The Lavender Hill Mob

UK (1951) Dir. Charles Crichton

It’s always the quiet ones you need to watch. The unassuming ones, the sticklers for the rules, the ones so devoted to their jobs that their idea of excitement is two sugars in their tea instead of one. Hiding in plain view is the best way to describe them, especially when it turns out they actually are devious criminal.

Henry Holland (Alec Guinness) is enjoying the high life in Rio de Janeiro, but this wasn’t always the case for this meek, well-mannered but innocuous London bank clerk. For 20 years, Holland’s duties were to accompany the transfer of gold bullion bars, sitting in the back of the van with the gold to ensure a safe delivery. This steadiness and dedication has earned Holland nothing more than mere praise and simple trust from his superiors.

At the small boarding house in Lavender Hill where Holland resides, a new tenant arrives in the form of artist Alfred Pendlebury (Stanley Holloway), owner of a small foundry that makes souvenirs for resorts and gift shops. Seeing Pendlebury make paperweights in the shape of the Eiffel Tower gives Holland the idea that this would be an effective way to smuggle gold out of the UK. All they need to try this out is the gold.

Yes, our dreary, humble protagonist is in fact a cunning and wily opportunist with 20 years of knowledge and experience in transporting gold bullion to his name and the trust of his employers. This is a long time for such an audacious plan to gestate but with Pendelbury’s fortuitous arrival, the time is finally nigh for stealing £1 million worth of gold bars.

The Lavender Hill Mob is a heist movie in every sense of the word, with the meticulously detailed plan, a group of willing thieves, the heist itself and the tense, usually eventful fall out. It is also one of the revered Ealing Comedies, part of the legendary studio’s run of classic films that have become cornerstones of British cinema – in fact, it just might be their most famous film although competition is stiff on that front.

Quite what made a perennial nobody like Holland harbour such criminal thoughts isn’t explored, leaving us simply to accept that he was already of venal persuasion when he first took this job. Therefore, his dedication and patience to remaining so outwardly imperturbable and nondescript yet so internally calculating in his fastidious routines is to be admired, at the very least for not collapsing under the weight of this façade.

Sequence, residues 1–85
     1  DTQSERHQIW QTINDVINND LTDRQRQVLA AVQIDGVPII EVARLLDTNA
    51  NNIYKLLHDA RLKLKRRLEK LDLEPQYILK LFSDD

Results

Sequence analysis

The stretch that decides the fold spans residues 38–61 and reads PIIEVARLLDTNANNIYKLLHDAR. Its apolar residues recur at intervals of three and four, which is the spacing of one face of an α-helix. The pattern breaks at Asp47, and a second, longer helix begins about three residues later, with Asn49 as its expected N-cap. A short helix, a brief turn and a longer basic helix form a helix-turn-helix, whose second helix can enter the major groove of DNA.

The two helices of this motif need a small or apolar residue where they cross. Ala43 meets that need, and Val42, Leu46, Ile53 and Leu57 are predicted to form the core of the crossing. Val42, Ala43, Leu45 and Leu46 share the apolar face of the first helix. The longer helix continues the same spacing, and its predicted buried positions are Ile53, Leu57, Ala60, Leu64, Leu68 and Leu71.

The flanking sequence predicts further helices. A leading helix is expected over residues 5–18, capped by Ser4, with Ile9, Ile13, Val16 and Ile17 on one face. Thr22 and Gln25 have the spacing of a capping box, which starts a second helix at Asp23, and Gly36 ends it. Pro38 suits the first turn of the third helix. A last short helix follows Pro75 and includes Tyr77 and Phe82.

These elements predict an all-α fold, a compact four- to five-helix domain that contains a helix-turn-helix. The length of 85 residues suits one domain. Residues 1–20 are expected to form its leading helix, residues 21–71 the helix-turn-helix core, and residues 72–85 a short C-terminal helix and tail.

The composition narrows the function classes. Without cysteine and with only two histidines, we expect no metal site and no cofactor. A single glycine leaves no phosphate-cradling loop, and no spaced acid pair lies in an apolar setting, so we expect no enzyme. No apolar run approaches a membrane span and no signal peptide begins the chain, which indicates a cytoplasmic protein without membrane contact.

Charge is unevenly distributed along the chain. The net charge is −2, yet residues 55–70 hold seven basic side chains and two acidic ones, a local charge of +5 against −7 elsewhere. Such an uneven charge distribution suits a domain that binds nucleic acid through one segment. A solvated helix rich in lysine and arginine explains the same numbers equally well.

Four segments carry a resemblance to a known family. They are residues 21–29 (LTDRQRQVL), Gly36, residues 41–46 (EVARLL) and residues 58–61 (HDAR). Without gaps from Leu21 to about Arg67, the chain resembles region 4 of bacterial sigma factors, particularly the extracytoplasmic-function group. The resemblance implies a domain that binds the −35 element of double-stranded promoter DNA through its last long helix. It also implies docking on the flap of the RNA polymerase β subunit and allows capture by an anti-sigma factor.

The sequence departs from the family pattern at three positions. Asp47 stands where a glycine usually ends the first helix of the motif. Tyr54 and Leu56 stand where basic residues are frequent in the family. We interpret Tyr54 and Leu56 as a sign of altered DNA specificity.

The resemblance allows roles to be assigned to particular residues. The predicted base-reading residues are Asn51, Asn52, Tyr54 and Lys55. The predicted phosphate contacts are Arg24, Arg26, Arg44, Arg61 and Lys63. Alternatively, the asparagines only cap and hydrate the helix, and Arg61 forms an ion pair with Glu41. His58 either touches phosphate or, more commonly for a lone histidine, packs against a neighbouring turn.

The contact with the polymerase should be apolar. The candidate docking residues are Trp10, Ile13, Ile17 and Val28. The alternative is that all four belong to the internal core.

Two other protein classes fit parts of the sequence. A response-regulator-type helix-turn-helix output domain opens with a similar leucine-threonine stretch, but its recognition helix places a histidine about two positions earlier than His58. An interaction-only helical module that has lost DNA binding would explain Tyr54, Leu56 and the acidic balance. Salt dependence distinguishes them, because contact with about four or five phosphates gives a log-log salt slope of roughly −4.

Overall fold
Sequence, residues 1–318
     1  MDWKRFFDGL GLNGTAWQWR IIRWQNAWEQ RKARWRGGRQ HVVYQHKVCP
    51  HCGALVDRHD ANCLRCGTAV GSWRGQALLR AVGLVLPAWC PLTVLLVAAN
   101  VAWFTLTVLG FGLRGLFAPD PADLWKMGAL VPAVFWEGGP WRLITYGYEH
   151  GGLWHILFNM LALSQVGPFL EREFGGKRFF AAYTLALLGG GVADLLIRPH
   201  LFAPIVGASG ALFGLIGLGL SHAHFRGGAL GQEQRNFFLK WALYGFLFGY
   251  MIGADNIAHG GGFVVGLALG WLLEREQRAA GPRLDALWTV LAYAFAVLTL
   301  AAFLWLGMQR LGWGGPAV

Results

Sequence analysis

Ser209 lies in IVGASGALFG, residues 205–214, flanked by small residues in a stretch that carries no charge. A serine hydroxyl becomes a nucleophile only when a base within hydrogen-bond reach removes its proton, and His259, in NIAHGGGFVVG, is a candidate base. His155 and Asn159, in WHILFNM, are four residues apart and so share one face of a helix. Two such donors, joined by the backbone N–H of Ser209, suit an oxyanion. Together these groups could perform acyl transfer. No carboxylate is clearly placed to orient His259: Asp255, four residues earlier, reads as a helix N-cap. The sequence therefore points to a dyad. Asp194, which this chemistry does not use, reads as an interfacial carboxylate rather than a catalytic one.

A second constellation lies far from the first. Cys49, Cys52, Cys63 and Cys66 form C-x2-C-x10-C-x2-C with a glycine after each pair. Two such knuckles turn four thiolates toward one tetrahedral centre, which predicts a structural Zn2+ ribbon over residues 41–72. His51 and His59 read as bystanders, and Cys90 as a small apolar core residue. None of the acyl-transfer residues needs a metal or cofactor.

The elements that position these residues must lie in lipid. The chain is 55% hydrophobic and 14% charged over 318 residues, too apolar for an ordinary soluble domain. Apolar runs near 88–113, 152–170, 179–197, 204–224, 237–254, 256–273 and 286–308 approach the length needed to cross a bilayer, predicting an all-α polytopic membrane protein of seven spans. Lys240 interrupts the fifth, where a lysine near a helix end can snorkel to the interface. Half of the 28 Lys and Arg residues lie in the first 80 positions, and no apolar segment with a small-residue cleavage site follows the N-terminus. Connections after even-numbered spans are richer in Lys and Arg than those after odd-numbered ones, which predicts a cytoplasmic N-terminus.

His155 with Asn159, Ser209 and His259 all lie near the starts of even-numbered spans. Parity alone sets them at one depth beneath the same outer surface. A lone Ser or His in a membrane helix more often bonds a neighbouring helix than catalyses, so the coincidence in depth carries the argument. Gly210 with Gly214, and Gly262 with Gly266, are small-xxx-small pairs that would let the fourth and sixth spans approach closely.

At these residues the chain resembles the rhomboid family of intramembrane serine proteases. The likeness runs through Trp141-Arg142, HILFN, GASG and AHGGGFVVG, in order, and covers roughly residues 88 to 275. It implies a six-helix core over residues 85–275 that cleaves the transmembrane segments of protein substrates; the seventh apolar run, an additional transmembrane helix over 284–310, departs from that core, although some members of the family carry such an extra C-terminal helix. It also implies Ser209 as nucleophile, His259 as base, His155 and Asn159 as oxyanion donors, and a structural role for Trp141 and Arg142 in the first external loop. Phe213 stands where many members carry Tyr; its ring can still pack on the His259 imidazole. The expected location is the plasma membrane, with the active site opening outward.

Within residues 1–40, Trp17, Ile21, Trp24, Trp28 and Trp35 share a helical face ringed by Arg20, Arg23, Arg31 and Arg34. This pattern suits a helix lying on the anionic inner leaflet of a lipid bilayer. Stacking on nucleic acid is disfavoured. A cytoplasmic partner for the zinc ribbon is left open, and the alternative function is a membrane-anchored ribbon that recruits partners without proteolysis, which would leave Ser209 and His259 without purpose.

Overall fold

But that is the genius of it all – nobody suspects the one person who is least likely to commit a crime and Holland has ensured his foibles are sufficient cover for his impunity should he worst ever happen. In this case, is it Holland’s paranoia towards cars following the van, notifying the drivers via a button bell and they are duty bound to investigate genuine or not.

Pendlebury is also unlikely to be labelled a criminal, especially with his own business and international clientele but again, those at the top are usually the worst offenders. The conversation regarding the theft of the gold happens rather quickly (the film is only 80 minutes long) along with Pendlebury agreeing with equal haste, but this expedience is brought into the plot when Holland is rewarded with a promotion to another department bringing the heist forward to the end of that week.

Needing extra hands for the job Holland and Pendlebury loudly advertise for accomplices in public by discussing an unguarded safe at their office. As it happens two men fall for it – Lackery Wood (Sid James) and Shorty Fisher (Alfie Bass) – and this criminal cadre is now complete. But on the day of the heist whilst it technically goes to plan, a minor misunderstanding involving Pendlebury almost jeopardises everything.

Screenwriter T. E. B. Clarke, the man also responsible for many other Ealing Comedies, piles on the misery of the aftermath of the heist in this fast-paced script. It might seem like a catalogue of conventions viewed today but in 1951, these ideas were fresh. Clarke got the idea of a clerk robbing his own bank when doing research for the crime thriller Pool Of London, seeking the advice of the Bank of England in how to pull off the perfect heist.

In the grand scheme of things, it is a very simple plan in construct and execution, with the real ingenuity found in Holland keeping up the heroic pretence and deflecting the police from foiling the second half of the plan, getting the gold Eiffel Tower statues to France then pocketing the money. It befalls to Holland and Pendlebury to make this trip when Shorty would rather watch the cricket and Wood’s wife won’t let him go!

One farcical scenario leads to another as the woes increase on both sides of the channel, providing many laughs and some ingenious filmmaking. At one stage, our two desperate pals are forced to run down the spiralling staircase of the real Eiffel Tower, captured through the dizzying lense of Douglas Slocombe with a touch of SFX to accentuate the distance in height being covered.

With Holland being such a relentlessly devious character he should be a figure of hate for the audience but Alec Guinness creates an air of empathy in his portrayal as Holland the reliable worker drone, whilst his criminal side reveals someone with tenacity and guile, almost worth rooting for as he strikes back against his employers. Stanley Holloway is something of a bumbling foil for Guinness, while Alfie Bass and pre-Carry On Sid James play to type.

Don’t let the gentle British comedy label fool you, The Lavender Hill Mob sits neatly alongside any heist film you care to name, complete with the nice twist at the end. Well-paced, great characters, superbly constructed and an Audrey Hepburn cameo to boot, it would be a crime not to check this classic film out.

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